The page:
Usually the first Monday in April is a day to be loathed by wives across the country. It marks the end of the college basketball season and the beginning of the major league baseball season. The NHL and NBA are in their final week of their regular seasons. The gold world is a buzz with the first major of the year on the following weekend. Even the NFL’s off-season is heating up with the draft just three weeks away. But, this year’s holy day of the sports calendar maybe the greatest in recent memory.
The day began with the news that Donovan McNabb, the 11-year veteran quarterback for the Philadelphia Eagles had been traded to the Washington Redskins for a 2nd Round pick in this year’s draft and a 3rd or 4th round pick in the 2011 draft contingent upon the Redskins’ finish this season. My initial reaction upon hearing this on Easter night was disbelief; not that the Eagles would trade McNabb (I thought that was inevitable), but that they traded him within the division. While there is precedent for such a move, it is generally accepted that you don’t give a Hall of Fame caliber player the chance to beat you twice a year. Personally, as a Cowboys fan, I couldn’t have been happier about this trade. It effectively took the Eagles out of competition for the NFC East crown, but didn’t improve the Redskins enough to contend, either.
At noon, local time, the baseball season began en masse. The day’s play was highlighted by spectacular performances by Roy Halladay, Tim Lincecum, Palacido Polanco, Nelson Cruz, and Albert Pujols, whose first game prowess left him on a pace to hit .800 with 324 home runs, 486 RBI, and 648 runs scored. Also, a congratulatory high-five to the Braves’ Jason Heyward, who hit a home run in his first major league at-bat. Finally, we may go the whole season and not see a better web gem than the one Mark Buehrle pulled off during the White Sox shut-out of the Indians.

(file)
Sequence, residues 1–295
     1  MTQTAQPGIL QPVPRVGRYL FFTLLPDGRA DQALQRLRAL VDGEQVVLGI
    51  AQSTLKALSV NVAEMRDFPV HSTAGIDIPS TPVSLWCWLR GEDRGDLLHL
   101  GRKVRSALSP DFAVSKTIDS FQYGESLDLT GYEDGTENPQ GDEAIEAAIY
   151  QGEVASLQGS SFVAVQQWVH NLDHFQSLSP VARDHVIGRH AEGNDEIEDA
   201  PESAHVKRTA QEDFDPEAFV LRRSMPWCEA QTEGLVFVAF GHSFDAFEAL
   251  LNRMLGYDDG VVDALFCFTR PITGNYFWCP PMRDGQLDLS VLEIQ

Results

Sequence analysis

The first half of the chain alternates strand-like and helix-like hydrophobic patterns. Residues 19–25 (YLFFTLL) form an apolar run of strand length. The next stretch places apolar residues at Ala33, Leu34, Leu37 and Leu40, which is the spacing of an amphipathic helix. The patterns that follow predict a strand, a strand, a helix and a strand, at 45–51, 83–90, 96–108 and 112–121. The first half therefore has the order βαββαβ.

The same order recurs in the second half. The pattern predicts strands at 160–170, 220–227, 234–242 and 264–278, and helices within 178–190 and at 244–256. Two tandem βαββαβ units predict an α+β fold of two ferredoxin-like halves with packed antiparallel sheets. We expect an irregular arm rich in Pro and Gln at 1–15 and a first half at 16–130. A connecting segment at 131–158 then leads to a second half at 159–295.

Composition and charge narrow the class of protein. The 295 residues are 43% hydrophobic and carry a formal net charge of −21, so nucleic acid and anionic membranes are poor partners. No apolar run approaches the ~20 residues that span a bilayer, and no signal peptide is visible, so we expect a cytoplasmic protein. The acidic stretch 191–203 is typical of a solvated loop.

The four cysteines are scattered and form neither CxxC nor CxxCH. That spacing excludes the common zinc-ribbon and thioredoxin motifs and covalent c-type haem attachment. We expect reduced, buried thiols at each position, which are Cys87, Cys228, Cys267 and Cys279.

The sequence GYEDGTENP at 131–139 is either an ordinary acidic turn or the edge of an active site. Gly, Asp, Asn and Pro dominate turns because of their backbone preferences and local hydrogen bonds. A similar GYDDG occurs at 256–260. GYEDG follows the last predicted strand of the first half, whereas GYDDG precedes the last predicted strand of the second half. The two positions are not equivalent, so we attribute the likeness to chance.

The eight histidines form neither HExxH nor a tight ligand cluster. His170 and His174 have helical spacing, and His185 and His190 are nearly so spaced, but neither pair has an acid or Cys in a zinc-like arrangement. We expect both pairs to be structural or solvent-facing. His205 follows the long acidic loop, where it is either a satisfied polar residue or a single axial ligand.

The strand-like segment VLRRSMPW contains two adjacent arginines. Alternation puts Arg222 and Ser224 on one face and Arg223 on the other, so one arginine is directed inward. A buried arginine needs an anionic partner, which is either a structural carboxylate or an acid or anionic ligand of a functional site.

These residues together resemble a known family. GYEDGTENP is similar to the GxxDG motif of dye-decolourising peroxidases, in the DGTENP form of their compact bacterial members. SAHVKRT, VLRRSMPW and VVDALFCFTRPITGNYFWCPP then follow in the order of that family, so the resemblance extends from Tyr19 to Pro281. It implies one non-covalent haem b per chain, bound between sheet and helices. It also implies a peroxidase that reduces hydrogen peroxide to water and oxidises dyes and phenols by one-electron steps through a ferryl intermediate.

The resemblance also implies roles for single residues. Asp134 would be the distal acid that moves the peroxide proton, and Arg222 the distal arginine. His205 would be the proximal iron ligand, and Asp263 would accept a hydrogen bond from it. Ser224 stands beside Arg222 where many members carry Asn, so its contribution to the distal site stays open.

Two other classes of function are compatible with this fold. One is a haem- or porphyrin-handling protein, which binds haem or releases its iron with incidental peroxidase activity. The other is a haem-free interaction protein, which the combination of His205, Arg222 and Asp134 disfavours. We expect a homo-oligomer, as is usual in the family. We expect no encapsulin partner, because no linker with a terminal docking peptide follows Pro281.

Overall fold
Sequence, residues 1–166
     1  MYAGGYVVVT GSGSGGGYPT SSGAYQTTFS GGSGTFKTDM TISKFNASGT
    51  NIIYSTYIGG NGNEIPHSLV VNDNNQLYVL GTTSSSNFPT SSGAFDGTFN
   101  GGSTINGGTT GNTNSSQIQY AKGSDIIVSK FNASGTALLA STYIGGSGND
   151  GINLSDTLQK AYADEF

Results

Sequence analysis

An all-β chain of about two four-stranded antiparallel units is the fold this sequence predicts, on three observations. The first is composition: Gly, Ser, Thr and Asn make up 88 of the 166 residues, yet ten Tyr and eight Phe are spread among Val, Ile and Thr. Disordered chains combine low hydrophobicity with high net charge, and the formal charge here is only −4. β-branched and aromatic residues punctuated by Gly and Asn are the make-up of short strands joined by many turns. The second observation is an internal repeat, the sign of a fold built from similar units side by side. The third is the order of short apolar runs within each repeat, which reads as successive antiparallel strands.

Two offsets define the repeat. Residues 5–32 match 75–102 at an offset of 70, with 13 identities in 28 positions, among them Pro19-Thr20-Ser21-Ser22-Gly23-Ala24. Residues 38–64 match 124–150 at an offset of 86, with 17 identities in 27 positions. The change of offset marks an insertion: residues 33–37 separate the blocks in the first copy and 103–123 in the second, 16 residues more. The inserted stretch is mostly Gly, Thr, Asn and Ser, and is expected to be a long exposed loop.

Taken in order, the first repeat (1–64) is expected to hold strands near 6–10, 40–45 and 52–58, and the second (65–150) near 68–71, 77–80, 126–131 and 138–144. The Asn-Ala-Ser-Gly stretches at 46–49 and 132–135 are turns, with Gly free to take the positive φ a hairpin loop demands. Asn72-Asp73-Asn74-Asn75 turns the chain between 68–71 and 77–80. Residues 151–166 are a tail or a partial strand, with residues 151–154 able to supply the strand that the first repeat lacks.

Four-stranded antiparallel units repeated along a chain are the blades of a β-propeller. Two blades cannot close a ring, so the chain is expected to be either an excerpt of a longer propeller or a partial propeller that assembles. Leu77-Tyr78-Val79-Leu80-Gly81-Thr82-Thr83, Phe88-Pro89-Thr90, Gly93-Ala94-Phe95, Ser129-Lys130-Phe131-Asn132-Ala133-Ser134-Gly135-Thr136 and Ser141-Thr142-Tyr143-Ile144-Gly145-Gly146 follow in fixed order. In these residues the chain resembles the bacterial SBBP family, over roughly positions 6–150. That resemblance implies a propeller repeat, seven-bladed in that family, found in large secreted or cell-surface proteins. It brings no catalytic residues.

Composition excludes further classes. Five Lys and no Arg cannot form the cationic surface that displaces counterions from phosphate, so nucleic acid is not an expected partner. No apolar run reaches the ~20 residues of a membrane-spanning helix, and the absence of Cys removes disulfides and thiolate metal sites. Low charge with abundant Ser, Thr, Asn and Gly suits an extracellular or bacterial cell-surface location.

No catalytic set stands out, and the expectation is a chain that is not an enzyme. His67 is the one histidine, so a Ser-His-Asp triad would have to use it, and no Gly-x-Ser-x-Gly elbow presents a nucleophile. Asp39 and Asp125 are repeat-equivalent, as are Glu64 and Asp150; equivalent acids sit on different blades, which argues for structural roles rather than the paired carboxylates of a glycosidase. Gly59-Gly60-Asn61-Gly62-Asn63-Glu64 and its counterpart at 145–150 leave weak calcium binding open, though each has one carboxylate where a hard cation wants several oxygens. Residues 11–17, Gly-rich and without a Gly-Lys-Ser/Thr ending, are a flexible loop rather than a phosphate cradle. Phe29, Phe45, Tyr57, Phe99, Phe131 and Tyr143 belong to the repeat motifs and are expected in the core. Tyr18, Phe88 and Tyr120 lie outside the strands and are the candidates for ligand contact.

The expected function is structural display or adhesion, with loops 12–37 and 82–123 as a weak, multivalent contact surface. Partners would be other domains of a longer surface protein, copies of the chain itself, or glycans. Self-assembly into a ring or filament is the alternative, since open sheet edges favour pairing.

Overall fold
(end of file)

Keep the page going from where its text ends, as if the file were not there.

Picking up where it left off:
Today also marked the first time Tiger Woods spoke in a press conference setting since last November, after his practice round at Augusta National. The crowds that followed him around the course were cordial, supportive even, and that crowd continued to swell as Tiger made his way through his round.
The day was capped off with one of the great college basketball national championship games off all-time. The David and Goliath match-up of Butler and Duke was everything that a fan could hope for. It came down to two last second shots by Butler’s Gordon Hayward. If he could have made either the 12 foot, fade-a-way jumper or the half-court miracle, then David would have slain Goliath again, but this time it was not meant to be. Butler produced one of the grittiest, gutsiest, and most valiant efforts the tournament has seen, but Duke was, end the end, just a better team. Hats off to the Blue Devils and the Bulldogs for a fitting end to one of the greatest sports days of the year!